SK So, do they have the trust of the market?
SK I think so. There was a rough enough period for the stock a couple of years ago before the launch of the iPhone 6 and it was a short time into Cook’s reign. At that time people weren’t sure he had the magic fairy dust and that he could lead Apple. They didn’t know whether he had the right vision for the company.
And then, after that, Apple had a string of hit products and the iPhone 6 and so everyone got back on board with Tim Cook.
The thing is though, Tim Cook is still just executing on a strategy Steve Jobs set out years ago. Apple is still benefiting from Steve Jobs’s reign in a sense: the investments they made, the decisions that they took are paying off and they’ve crushed their rivals and they’re sitting at the top of the smartphone market. They’re sitting pretty and they’ve got Jony Ives and his design team turning out these most desirable phones and they’re making money hand over fist.
But I think it’s a legitimate question to ask whether the strategy and direction Tim Cook is setting out will set them up for success five years from now.
GF They did also employ Zane Lowe.
SK They did employ Zane Lowe. That’s what I was coming to.
GF I have a problem with Zane Lowe and I feel as though it was a bad hire.
“Apple’s year in beta”
SK There was an article in The Verge a few weeks ago called “Apple’s Year In Beta”. It was about how, in 2015, Apple’s new product launches were a bit sub-par by their standards. So, they had Apple Music which was fairly well received but not to the same…
GF It’s not got me yet.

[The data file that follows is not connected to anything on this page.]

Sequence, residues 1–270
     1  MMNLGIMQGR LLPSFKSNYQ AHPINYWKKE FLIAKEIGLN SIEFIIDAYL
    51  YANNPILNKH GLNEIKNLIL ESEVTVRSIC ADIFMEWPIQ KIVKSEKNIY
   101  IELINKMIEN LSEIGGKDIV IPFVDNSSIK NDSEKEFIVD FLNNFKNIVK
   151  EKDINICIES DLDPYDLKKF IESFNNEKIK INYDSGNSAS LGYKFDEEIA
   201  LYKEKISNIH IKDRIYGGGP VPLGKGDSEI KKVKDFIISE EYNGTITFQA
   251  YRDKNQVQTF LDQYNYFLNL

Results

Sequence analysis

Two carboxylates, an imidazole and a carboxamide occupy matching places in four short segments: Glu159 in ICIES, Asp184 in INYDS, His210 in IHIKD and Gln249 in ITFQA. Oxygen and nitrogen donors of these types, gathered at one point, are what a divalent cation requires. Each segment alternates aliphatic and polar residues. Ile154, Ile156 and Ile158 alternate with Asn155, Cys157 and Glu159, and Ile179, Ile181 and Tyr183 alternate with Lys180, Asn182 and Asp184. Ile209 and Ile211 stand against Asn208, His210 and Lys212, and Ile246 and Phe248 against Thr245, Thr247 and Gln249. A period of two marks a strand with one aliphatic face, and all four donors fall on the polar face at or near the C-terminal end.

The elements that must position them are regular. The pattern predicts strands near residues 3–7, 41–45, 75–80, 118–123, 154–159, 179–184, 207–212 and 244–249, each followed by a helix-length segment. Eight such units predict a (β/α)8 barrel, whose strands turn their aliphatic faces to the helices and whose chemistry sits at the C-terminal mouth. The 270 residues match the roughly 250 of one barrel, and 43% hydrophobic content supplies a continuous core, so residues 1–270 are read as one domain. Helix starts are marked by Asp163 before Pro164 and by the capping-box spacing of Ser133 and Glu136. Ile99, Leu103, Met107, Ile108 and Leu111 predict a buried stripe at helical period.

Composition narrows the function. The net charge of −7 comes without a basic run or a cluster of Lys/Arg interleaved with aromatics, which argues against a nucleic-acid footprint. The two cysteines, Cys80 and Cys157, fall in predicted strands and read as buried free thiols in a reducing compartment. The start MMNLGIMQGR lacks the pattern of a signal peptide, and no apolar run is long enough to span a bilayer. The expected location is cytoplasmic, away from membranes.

SK Yes, not to Apple standards. Apple News, again, another fairly good release.
BT Isn’t this generally the way of a lot of things. I mean, the iPhone, the first version wasn’t up to the standards of later versions. It takes a couple of innovations sometimes.
SK Well, looking backwards they all get better.
BT That was, again, their excuse for the watch. There was a lot of briefing about how the watch was like it takes a couple of versions.
SK I don’t know if I agree. I think that looking backwards obviously the later iPhones or iPods are better but that’s just progress. I think at the time when the iPod came out it was 1,000 songs in your pocket. And people were blown away by it.
BT Well, the iPod, definitely, I think right out of the gate was a paradigm shift. The iPod obviously was but it was still a bit buggy, it still had things to work out.
SK But anyway, I guess the point is that you could legitimately ask whether their focus is where it ought to be. In my view what they’re best at is hardware products, just making great products which are centred around hardware and their software is good but not amazing. And you could ask whether the investment decision they’ve taken this year and new products they’ve launched this year are right up there with the very best they’ve ever done and whether they’re going to lead to the kind of profits we saw this quarter in the future, in 2018.
GF In a very trite way it’s the first argument in the relationship but eventually all those arguments spill out. We don’t know.
The dollar is killing Apple
SK And I’ve got one more note, actually: the dollar is very strong, Apple makes two-thirds of its money overseas. The dollar is up 20% in trade-weighted terms, so basically the dollar is really weighing on Apple.
BT I was going to ask you about that. Has that been factored in because the dollar has strengthened an awful lot? Apple obviously reports in dollars, like you say, makes an awful lot of money overseas, so other things it will suggest lower earnings and it will report them. Has that been factored in?
SK Well, right. That’s one of the factors that weighs on the price, as I said. The dollar is up 20% on a trade-weighted basis and two-thirds of the sales are overseas, so you can do the maths for yourself as to what that costs Apple.
How about this: Apple lost more money to currency fluctuations than Google makes in a quarter.
FH Are you advising us to buy Apple?
BT No one is advising anyone to do anything.
FH Or are you advising us to sell Google? What was your advice?
SK Use that term advisedly.
BT Sean’s advice will be published through the usual channels.